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Music Reviews : Schifrin Conducts Glendale Symphony

October 22, 1985|MARC SHULGOLD

Carmen Dragon died in March, 1984. Since then, the Glendale Symphony-- his Glendale Symphony--has been struggling in its search for a successor. A year with Daniel Lewis at the helm didn't quite work out. This season, the orchestra must endure a parade of guest maestros, beginning with Lalo Schifrin, who launched the Glendale season Saturday night in the Dorothy Chandler Pavilion.

Spirits didn't appear to be high on either side of Schifrin's music stand. Perhaps it was the conductor's stiff manner on the podium: Essentially a one-armed time-beater, he seemed uninterested in shaping and molding the performances of crowd favorites by Bizet, Liszt, Ravel and Bernstein. Even in the latter's Symphonic Dances from "West Side Story"--a piece so close in style to many of Schifrin's jazzy, bongo-inflected sound tracks--the energy just wasn't there consistently. Transitions were often weak and misdirected, momentum often lagged. This, despite some fine playing from the orchestra.

Ravel's "La Valse," too, never unfolded as it should. Rather than a misty and mystical look at the waltz, the piece came off as merely . . . a waltz. How odd that this complex, multilayered work should find the conductor mostly content to beat out three.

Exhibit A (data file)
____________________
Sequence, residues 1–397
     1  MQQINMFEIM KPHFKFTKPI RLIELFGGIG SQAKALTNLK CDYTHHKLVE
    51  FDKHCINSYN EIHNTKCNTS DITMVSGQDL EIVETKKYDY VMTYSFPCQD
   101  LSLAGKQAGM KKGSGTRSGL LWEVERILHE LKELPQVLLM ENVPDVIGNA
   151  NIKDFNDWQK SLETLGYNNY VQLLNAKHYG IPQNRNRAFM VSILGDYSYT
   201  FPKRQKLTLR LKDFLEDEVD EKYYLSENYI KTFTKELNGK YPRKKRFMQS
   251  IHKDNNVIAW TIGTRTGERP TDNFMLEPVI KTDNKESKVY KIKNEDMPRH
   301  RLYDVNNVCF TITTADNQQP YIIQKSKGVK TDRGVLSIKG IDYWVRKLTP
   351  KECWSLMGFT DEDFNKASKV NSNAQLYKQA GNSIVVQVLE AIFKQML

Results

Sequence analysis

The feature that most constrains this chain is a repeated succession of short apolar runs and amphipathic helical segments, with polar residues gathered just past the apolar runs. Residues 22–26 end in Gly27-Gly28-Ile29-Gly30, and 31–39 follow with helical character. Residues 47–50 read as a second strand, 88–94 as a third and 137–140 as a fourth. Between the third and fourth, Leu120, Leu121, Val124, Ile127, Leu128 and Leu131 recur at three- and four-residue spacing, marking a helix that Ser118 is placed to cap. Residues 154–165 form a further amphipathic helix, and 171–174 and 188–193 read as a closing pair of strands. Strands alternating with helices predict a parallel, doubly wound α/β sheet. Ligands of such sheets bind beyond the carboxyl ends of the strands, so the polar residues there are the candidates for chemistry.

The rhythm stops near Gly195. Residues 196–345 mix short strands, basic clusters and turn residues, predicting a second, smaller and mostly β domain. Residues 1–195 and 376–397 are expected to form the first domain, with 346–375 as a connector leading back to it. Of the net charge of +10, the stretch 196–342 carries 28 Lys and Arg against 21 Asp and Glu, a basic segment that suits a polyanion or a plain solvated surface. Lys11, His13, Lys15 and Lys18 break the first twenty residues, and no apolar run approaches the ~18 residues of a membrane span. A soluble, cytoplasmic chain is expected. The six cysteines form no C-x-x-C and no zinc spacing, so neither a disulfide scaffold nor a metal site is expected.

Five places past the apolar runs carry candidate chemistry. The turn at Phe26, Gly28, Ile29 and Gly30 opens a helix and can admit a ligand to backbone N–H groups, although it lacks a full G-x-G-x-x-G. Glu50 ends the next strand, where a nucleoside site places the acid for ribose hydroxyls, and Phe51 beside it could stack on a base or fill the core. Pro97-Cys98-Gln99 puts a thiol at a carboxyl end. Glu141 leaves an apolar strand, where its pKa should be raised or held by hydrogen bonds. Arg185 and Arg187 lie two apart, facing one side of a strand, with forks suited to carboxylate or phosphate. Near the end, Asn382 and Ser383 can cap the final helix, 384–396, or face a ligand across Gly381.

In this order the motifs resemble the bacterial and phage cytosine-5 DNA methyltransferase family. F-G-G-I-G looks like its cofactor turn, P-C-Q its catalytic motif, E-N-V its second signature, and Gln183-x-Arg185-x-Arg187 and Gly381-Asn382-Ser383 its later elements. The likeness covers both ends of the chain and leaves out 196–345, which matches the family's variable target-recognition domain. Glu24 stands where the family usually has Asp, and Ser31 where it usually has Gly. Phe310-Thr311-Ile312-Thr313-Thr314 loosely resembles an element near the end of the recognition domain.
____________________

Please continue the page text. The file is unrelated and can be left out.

Though it took a while to ignite, Liszt's E-flat Piano Concerto elicited the most gratifying music making of the evening, thanks in large part to the inspiring solo contributions of the ever-dependable Daniel Pollack. The pianist stormed through the outer movements without sacrificing clarity, and heaved and sighed in the Adagio without an overbearing helping of rubato. Schifrin proved a sympathetic collaborator, most notably in the supercharged finale.

The program opened with a heavy-handed, mostly sluggish suite from Bizet's "Carmen."

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